Individuals with opioid or cocaine use disorders who are infected with COVID-19 were at increased risk for endocarditis, according to results of a study published in Molecular Psychiatry.
Investigators from Case Western Reserve University School of Medicine and the National Institutes of Health sourced data for this study from the TriNetX Analytics Network platform. Electronic health records from 77 health care organizations located in all 50 states in the United States were evaluated for a risk for endocarditis among patients with opioid use disorder (OUD) or cocaine use disorder (CocaineUD) on the basis of contracting COVID-19. A propensity score matching approach was used to balance cohort differences.
After propensity matching, the OUD cohorts with (n=46,362) and without (n=46,362) COVID-19 were a mean age of 47.7 and 47.9 years, 53.4% and 52.9% were women, and 72.8% and 73.2% were White, respectively. The CocaineUD cohorts with (n=22,420) and without (n=22,420) COVID-19 were a mean age of 46.1 and 46.2 years, 41.1% and 40.9% were women, and 51.1% and 51.1% were White, respectively.
Overall, the incidence of endocarditis has been increasing among patients with OUD, from 3.7 per 1,000,000 persons per day in 2011 to 30.1 per 1,000,000 persons per day in 2020 (P <.001). A similar trend was observed for CocaineUD (P <.001), and no trend was observed among the non-OUD and non-CocaineUD population (P =.07).
COVID-19 infection was associated with an increased risk for endocarditis in the population with OUD overall (hazard ratio [HR], 2.23; 95% CI, 1.92-2.60), as well as among those aged 44 years and younger (HR, 2.05), 45 to 64 years (HR, 3.44), and 65 years and older (HR, 2.17). The risk for infective endocarditis was also associated with COVID-19 overall (HR, 2.19; 95% CI, 1.82-2.62) and among those aged 44 years and younger (HR, 2.22), 45 to 64 years (HR, 3.65), and 65 years and older (HR, 2.01).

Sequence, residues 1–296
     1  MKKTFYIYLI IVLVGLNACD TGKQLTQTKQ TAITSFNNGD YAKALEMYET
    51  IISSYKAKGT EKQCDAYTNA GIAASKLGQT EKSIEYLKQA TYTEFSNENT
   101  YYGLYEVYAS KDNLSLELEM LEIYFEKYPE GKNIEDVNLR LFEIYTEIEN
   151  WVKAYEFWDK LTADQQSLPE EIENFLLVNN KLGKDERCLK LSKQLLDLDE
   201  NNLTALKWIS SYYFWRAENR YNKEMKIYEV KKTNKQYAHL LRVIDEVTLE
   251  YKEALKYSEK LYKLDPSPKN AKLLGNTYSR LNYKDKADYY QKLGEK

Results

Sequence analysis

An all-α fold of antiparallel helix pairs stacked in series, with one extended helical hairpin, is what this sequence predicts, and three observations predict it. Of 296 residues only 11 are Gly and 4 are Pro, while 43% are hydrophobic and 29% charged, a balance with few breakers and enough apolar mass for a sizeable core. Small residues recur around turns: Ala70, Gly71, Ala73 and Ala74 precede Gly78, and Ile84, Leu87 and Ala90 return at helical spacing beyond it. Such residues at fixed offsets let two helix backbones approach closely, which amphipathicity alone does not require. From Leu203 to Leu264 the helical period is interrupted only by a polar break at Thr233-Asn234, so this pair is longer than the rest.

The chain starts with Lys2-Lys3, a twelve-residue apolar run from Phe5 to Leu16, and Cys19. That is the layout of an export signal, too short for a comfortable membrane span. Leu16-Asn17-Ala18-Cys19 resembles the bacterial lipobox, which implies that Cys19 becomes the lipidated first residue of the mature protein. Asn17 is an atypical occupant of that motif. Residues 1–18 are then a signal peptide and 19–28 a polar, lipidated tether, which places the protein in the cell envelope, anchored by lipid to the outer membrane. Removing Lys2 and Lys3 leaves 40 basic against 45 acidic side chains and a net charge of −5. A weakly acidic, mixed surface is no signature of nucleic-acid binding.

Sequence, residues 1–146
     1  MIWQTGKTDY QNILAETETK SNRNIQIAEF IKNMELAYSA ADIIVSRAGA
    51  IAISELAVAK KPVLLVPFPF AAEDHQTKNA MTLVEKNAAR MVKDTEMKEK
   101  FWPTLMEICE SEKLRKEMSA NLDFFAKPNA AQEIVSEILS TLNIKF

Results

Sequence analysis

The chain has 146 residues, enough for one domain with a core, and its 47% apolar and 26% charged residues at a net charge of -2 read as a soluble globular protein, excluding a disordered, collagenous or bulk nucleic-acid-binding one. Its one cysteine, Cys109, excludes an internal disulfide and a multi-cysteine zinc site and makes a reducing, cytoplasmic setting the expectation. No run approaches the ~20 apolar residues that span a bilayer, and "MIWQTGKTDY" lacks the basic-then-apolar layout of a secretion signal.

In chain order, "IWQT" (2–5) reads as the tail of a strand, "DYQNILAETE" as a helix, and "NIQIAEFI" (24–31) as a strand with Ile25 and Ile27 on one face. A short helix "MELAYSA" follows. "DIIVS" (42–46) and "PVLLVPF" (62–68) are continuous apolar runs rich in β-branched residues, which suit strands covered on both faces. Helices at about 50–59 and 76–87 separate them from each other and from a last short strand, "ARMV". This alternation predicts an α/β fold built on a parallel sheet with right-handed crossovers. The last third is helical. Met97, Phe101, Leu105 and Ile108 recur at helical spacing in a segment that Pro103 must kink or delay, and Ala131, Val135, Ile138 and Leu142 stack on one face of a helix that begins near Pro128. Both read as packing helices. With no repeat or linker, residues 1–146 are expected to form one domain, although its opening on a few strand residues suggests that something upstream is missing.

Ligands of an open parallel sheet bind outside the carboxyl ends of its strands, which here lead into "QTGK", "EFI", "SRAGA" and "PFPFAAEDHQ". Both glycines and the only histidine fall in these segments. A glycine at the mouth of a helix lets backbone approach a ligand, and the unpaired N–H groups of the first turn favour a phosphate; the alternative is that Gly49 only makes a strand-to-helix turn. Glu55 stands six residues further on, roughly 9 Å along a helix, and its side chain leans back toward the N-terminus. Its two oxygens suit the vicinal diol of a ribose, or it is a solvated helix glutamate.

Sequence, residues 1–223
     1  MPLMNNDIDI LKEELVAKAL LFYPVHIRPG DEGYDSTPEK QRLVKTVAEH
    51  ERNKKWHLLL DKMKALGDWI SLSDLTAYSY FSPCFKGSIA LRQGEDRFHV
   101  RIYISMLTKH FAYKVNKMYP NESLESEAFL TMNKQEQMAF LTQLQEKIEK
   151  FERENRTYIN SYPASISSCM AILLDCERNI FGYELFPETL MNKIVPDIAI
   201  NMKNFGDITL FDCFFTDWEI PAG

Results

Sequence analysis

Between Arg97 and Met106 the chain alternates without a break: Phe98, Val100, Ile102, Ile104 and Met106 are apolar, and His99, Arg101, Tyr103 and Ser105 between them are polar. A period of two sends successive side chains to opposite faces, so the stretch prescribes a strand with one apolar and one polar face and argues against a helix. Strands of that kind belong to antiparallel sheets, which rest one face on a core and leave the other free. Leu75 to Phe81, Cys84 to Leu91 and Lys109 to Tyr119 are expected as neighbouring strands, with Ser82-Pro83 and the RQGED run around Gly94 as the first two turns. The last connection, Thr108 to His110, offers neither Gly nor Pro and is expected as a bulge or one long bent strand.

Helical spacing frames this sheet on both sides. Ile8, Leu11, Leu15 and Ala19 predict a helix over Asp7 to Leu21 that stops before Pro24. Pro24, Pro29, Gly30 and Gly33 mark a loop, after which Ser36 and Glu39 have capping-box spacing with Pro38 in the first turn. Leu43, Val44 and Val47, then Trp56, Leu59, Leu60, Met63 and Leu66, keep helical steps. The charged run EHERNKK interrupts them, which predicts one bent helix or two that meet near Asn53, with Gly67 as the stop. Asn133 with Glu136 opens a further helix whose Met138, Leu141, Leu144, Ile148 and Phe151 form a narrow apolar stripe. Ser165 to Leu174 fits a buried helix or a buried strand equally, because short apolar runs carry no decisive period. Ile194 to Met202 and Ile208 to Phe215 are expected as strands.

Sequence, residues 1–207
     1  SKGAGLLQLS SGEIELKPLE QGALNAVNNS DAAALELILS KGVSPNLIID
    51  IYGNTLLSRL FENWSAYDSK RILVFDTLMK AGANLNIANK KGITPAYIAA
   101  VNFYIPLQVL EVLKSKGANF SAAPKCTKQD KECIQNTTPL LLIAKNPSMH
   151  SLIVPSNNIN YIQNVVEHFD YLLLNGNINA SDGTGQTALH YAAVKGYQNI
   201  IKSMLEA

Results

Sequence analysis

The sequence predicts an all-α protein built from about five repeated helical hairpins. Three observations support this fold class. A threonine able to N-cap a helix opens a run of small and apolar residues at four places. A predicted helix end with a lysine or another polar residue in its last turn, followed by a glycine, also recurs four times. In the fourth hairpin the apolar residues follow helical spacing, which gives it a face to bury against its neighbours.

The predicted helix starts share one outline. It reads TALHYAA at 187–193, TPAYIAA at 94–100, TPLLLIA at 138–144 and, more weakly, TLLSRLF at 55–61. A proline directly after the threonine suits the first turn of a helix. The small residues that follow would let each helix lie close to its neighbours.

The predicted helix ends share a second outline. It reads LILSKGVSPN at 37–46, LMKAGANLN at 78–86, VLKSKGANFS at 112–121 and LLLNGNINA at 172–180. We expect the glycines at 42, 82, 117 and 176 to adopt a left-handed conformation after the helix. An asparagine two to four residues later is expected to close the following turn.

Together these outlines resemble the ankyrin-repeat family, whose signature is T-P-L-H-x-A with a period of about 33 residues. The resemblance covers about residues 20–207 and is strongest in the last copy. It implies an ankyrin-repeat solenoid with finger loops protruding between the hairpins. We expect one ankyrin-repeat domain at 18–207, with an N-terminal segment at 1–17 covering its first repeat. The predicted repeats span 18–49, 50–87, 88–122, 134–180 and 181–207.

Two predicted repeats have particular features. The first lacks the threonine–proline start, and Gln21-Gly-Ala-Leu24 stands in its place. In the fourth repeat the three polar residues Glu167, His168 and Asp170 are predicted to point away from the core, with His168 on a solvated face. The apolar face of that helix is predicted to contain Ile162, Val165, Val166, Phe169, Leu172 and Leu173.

For CocaineUD, endocarditis risk followed a similar trend as observed with OUD whereas infective endocarditis was associated with COVID-19 overall (HR, 1.74; 95% CI, 1.31-2.30) and those aged 44 years and younger (HR, 1.94) and 45 to 64 years (HR, 2.31), but not 65 years and older (HR, 1.76).
In the setting of OUD and COVID-19, women were at decreased risk for endocarditis comapred with men (HR, 0.81), Black patients were at lower risk than White patients (HR, 0.59), and Hispanic patients were at lower risk than non-Hispanic patients (HR, 0.36). For CocaineUD, Black patients were at decreased risk for endocarditis than White patients (HR, 0.59) and Hispanic patients at lower risk than non-Hispanic patients (HR, 0.38).
Overall, mortality at 180 days following a new diagnosis of endocarditis was increased among patients with COVID-19 (HR, 1.21; 95% CI, 1.07-1.35) but not among patients without COVID-19 (HR, 1.16; 95% CI, 0.83-1.61).
The major limitation of this study was the cross-sectional design which did not allow for causal inferences to be made.
Study authors concluded, “COVID-19 is a significant risk factor for endocarditis in patients with cocaine or opioid use disorder and that the 180-day risk for mortality following COVID-19-associated endocarditis in patients with cocaine or opioid use disorder was substantial.”
This article originally appeared on Psychiatry Advisor
Wang L, Volkow ND, Berger NA, Davis PB, Kaelber DC, Xu R. Association of COVID-19 with endocarditis in patients with cocaine or opioid use disorders in the US. Mol Psychiatry. Published online December 13, 2022. doi:10.1038/s41380-022-01903-1